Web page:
I know I wouldn't

Alan
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Old 15-09-2008, 08:44   #54
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I really do think that in the case of this example the boat is a standard production boat - not a custom made boat.

IN UK law a product has to be fit for purpose and that guarantee can extend up to 6 years. A boat engine or hull for example if properly taken care of that does not last 6 years will make the seller liable for the defect regardless of any limitation of warranty in any contract. The question is - how long should such a product be reasonably expected to last? Some products may be deemed to have a life of months but products such as boats would be deemed to have a life greater than 6 years and so come to the 6 year maximum. Its a very strong law.

The consumer should be very careful about rejection - the time to reject a product is limited and if missed can mean that the supplier has a right to remedy the defect.

In the case of boats the public are not deemed to be the experts - the boat builders are putting themselves up as that. The public expertise is limited to providing the cash to buy the boat

In the case of mods or extras being added to a production boat, although I understand in this case that is not really the problem, the builder should advise the buyer if there is any issue are regards warranty or delay.

For example at my meeting with Duncan from St Francis after we had chosen a new wood material he had never used before he asked us to understand that he could not warrant its future behaviour - he had an positive opinion but no track record of using a light bamboo veneer and so we offered a letter making it clear that we take the risk. That way any problem can be established from the outset and who is responsible for what made very clear. It is just honest straight forward business.

To claim, as some do, that you need to establish detail technical; drawings etc etc is absurd on a production boat. If it is not a production boat then it would need to have new certification for every one and in this case that is not the case.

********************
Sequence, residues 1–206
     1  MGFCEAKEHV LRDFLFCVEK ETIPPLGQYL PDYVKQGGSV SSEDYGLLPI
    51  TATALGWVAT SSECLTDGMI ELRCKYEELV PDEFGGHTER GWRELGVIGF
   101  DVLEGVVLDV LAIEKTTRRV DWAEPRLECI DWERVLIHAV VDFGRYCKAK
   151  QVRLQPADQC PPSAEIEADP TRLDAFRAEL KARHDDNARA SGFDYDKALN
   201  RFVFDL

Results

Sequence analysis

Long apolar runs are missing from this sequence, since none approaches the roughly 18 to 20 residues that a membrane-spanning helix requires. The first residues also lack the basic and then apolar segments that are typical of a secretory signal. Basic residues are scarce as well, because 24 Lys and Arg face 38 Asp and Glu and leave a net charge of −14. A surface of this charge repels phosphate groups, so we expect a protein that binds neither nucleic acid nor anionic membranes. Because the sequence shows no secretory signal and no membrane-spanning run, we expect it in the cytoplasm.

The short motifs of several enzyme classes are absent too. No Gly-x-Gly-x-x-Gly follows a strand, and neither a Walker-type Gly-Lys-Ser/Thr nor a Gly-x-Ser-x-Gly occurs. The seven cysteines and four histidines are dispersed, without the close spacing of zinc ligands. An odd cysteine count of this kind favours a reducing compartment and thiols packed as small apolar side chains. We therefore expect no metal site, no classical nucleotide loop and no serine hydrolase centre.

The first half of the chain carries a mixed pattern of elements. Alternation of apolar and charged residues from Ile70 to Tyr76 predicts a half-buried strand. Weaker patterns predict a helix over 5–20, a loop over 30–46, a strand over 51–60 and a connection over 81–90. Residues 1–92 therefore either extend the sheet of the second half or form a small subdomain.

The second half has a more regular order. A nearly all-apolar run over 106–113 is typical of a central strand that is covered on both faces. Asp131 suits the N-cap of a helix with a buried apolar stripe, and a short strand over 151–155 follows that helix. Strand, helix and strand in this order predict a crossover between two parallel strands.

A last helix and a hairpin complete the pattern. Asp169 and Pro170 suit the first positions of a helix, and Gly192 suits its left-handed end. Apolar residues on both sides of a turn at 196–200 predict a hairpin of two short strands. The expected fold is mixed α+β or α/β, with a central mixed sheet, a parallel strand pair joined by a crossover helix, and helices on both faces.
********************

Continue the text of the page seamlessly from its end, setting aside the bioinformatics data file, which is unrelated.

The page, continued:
To me the buying of a boat should be a pleasure - the filling of a dream - it should not involve hassle or problems that one should have expected to be sorted out way before the boat is presented to the customer. That is just my opinion but I guess that is how the law would also see it.

So perhaps the saddest thing is the tarnishing of what should be a happy time so lets hope that all the problems are sorted and Butterfly becomes a safe and happy boat for its new owners.
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Old 15-09-2008, 11:52   #55
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This is not a custom build!

Take a look at the latest blog update, some positive news, and read the comment on this not being a custom build right at the bottom.

of Butterfly and Barnacle


I wonder if the same conclusion/decision by the builder would have been as speedy if there wasn't a blog?

Next chapter will be the weighing of the boat.

I still haven't had any takers for the weight bet

Lightship it is supposed to be under 5 tons as far as I remember, anyway there are multiple posts with the weight claims.... just need to dig them out if there are any doubts.

Alan
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Old 15-09-2008, 12:02   #56
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I think its great news that Gideon will not leave SA until all the problems are sorted and the boat delivered all working and to spec ........ thats a real positive step in the right direction and a clear commitment that must give some relief to the customers - lets hope Butterfly takes flight soon.

I rather enjoy second hand sailing following blogs so the sooner she is at sea being used the better
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Old 15-09-2008, 12:04   #57
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I still haven't had any takers for the weight bet
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Old 15-09-2008, 12:22   #58
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What if I increase the odds?

Any takers?

Alan
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Old 15-09-2008, 12:34   #59
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Old 15-09-2008, 12:38   #60
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I think its great news that Gideon will not leave SA until all the problems are sorted and the boat delivered all working and to spec ........ thats a real positive step in the right direction and a clear commitment that must give some relief to the customers - lets hope Butterfly takes flight soon.

I rather enjoy second hand sailing following blogs so the sooner she is at sea being used the better
I saw a flat for sale in Holland